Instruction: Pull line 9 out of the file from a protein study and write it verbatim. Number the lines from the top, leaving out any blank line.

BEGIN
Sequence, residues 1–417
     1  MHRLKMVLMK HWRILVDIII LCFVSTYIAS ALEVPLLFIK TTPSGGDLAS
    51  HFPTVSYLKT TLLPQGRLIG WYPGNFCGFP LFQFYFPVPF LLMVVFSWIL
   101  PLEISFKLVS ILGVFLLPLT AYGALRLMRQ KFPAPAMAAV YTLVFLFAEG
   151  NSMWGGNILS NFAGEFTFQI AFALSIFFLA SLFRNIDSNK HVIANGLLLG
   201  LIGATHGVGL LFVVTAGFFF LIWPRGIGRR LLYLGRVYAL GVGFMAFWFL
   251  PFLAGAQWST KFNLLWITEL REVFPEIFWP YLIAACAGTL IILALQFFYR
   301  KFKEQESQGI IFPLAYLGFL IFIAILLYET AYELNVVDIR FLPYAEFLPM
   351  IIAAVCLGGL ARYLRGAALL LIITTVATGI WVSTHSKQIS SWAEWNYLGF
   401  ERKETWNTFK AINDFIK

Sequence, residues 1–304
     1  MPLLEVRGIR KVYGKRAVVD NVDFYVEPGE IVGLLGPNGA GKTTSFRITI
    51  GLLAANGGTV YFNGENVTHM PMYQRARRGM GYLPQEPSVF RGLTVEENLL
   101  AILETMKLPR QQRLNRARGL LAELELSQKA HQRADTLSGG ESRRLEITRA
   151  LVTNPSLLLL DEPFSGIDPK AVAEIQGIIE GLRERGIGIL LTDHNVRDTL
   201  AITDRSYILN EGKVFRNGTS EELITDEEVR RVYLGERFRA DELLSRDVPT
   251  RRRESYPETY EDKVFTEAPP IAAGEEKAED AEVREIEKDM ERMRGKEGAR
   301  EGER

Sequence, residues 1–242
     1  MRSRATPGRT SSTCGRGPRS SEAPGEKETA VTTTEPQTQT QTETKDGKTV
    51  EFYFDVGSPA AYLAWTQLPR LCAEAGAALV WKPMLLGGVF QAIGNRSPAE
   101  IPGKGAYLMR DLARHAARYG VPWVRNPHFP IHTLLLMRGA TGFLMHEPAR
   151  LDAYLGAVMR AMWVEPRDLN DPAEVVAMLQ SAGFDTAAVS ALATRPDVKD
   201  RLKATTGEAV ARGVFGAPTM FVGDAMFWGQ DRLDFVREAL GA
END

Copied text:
   351  IIAAVCLGGL ARYLRGAALL LIITTVATGI WVSTHSKQIS SWAEWNYLGF